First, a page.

George R. R. Martin's famous take on the superhero genre has become the longest running shared universe series of all time. After the series bounced around between publishers, and then entered a dry spell while at Baen, it was picked up by Tor. The eighteenth volume (Inside Straight) is currently in paperback, with the ninteenth (Busted Flush) still in hardcover. The conclusion to this new trilogy of Wild Cards books will be out in print soon as well.
For those, like me, who have never read a Wild Cards series book before, this was hailed as a good starting point, as there has been a generation shift, with a new cast of characters (and some old favorites) and new story lines. This book is a mosaic novel, written by Daniel Abraham, Melinda M. Snodgrass, Carrie Vaughn, Michael Cassutt, Caroline Spector, John Jos. Miller, George R. R. Martin, Ian Tregillis, and S. L. Farrell.
Six decades ago, an alien plague tore through the planet. Called the Wild Cards virus, it killed 90% of the population, leaving in its wake revolting, deformed people known as jokers, and those with special abilities and powers, called aces. Inside Straight follows a new generation of aces as they compete on a television show called American Hero, seemingly an American Idol knock off, complete with vicious judges, while in Egypt the murder of a caliph and the rise of a new leader lead to a clash between the government and those people that believe in the rise of the gods from Egyptian mythology, who are in fact jokers with animal heads.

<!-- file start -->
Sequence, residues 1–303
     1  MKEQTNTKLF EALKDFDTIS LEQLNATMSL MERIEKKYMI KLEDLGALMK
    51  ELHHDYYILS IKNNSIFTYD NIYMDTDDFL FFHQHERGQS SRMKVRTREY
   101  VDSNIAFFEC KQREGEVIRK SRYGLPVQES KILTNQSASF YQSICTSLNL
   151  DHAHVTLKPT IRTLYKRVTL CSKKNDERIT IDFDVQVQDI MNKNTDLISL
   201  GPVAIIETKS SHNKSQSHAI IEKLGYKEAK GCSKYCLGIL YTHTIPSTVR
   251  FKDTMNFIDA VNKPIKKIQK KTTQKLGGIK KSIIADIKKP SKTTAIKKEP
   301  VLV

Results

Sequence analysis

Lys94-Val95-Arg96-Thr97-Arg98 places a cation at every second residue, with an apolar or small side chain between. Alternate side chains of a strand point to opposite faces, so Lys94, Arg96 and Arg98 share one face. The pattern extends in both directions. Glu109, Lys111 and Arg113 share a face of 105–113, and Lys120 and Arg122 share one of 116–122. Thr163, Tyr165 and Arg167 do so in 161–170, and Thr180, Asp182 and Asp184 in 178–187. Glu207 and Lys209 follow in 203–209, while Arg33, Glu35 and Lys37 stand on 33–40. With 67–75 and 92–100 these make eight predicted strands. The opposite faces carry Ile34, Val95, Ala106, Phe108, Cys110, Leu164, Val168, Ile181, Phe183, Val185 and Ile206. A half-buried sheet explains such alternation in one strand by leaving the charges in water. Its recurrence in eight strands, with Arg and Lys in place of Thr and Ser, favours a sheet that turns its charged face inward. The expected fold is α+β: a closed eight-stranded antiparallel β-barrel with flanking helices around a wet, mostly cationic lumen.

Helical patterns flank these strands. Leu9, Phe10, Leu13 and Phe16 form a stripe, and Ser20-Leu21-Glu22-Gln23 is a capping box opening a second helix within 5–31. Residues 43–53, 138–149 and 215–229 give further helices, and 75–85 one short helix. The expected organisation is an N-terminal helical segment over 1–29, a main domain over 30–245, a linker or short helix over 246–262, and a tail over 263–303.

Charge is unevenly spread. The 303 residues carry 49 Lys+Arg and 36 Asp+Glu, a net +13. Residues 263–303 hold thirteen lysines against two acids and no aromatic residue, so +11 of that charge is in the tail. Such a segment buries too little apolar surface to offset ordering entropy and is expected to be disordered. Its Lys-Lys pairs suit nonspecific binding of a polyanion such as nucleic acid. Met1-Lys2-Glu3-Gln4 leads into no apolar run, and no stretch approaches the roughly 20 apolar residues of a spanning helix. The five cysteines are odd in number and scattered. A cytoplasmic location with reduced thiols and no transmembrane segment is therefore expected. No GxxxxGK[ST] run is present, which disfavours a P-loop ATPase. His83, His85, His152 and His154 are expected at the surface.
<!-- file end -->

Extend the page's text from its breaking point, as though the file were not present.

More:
Initially, the connection between the crisis in Egypt and the reality TV show seems vague at best, but the two stories come flying together, and the ending leaves much left to tell in the next two volumes. There are a multitude of viewpoint characters, each of which you get to know very well, making each sacrifice very real and powerful.
The most shocking part of this novel is that nine authors can come together and make a very well written story that does not feel choppy in the least. All of their tales mesh together without jarring interruptions. Each author focuses on different viewpoint characters, and make them very believable and complex. At the same time, there is plenty of action, and the book still holds that superhero fun that the genre is famous for. Never before have superheroes been as accessible to the adult audience.
This was one of the best, most fun books that I have read in quite a while, and is certainly worthy of all the good reviews it is getting.